Politically and socially, the most powerful demographic, with the exception of White men, is White women. Though still underrepresented in key economic and power positions, White women enjoy numerous social benefits, maintain political power as a “majority” voting body, are still allowed access to the resources provided by White men through marriage or other familial ties and are protected by patriarchal ideas of fragile femininity.
This social hierarchy of “Whiteness,” regardless of gender, becomes particularly evident in the nearly male-absent world of feminism. Though feminism purports itself to be a movement that represents the needs of all women, White dominance remains stubbornly omnipresent, marginalizing the voices and needs of women of color.
For that reason, I’ve created this list to help White women better understand intersectionality and come to better grips with the hurdles that Black and minority women face. It is not meant to splinter, or further divide the feminist body, but merely written with the hope that the power bestowed upon White women, as a result of White supremacy, can be used for the betterment of others. Keep reading »
What would my life be like if I wasn’t white? If I didn’t benefit from white privilege? Certainly being female provides me with a tablespoon’s-worth of inequality perspective, but that’s nothing when it’s measured against a gallon’s-worth of racial inequality.
When I consider how charmed my life has been – not by virtue of a lifetime’s worth of law-abiding, responsible decisions, no – due to the invisibility afforded me thanks to the color of my skin. No one was paying attention to a middle-class, white, teen-aged girl as a potential law-breaker. In point of fact, my teen-aged self only caught law enforcement attention when I was with my black friends. Because then, and only then, was I suspect. Keep reading »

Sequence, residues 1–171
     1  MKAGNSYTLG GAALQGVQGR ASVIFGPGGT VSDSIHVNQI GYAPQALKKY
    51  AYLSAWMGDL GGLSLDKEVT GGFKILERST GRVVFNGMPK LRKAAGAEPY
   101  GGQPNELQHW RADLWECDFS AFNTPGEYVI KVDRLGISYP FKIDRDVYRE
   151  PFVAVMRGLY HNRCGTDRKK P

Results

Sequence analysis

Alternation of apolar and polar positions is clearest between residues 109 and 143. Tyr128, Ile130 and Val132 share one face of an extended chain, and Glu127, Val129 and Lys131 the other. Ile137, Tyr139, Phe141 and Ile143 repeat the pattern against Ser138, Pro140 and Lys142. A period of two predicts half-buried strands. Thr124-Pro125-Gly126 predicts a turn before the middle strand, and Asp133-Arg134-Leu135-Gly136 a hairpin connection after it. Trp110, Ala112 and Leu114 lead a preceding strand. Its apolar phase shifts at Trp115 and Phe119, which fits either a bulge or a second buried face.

About five years ago, my sister relayed a story to me about a professor she had at New Jersey City University who had his own book, Into the Heart: One Man’s Pursuit of Love and Knowledge among the Yanomama, listed as required reading on his syllabus. My sister refused to purchase the book. It was not merely a protest against a professor taking advantage of his students to sell his own work, it was a protest against white privilege and most importantly: RAPE. Keep reading »
I am a 23-year-old black woman who, for a long time, tried to have discussions with white people about racism in America. I went to a white, liberal college in New York City where I thought such exchanges were welcomed. I actually believed there could be such a thing as a productive conversation on the matter, some type of engagement, a debate. I wrote speeches about the wealth gap between black and white families (a staggering $100,000 difference), the unforgivable incarceration rate of black men, the discriminatory education system. I even made a video about the misrepresentation and misuse of black women by pop culture and the media. Most of my revelations were met with silence and blank stares by my class of mostly white peers. Eventually the professor, typically a white man or woman, would clear his/her throat and ask, “Well, any questions for Tiffanie?” The students would whisper amongst themselves, but oddly, I was never asked to elaborate. It was understood, in their opinion, that I was the overly sensitive, angry black woman. The racist; a race baiter. Keep reading »
As will probably become very obvious over the course of this essay, I don’t have an academic background in feminism or gender studies. In fact, I’ve taken exactly one women’s studies class, my freshman year of college, and while I enjoyed the reading list and some of the class discussions, the academic side of feminism didn’t appeal to me.
For me, feminism is more of a basic instinct than a complex thought process. I have always been a feminist because I feel feminism in my bones. Since I was very young, I knew that men and women should be equal, that it was wrong that we weren’t, and that I would do whatever I could to help achieve gender equality. Of course I was a feminist. Keep reading »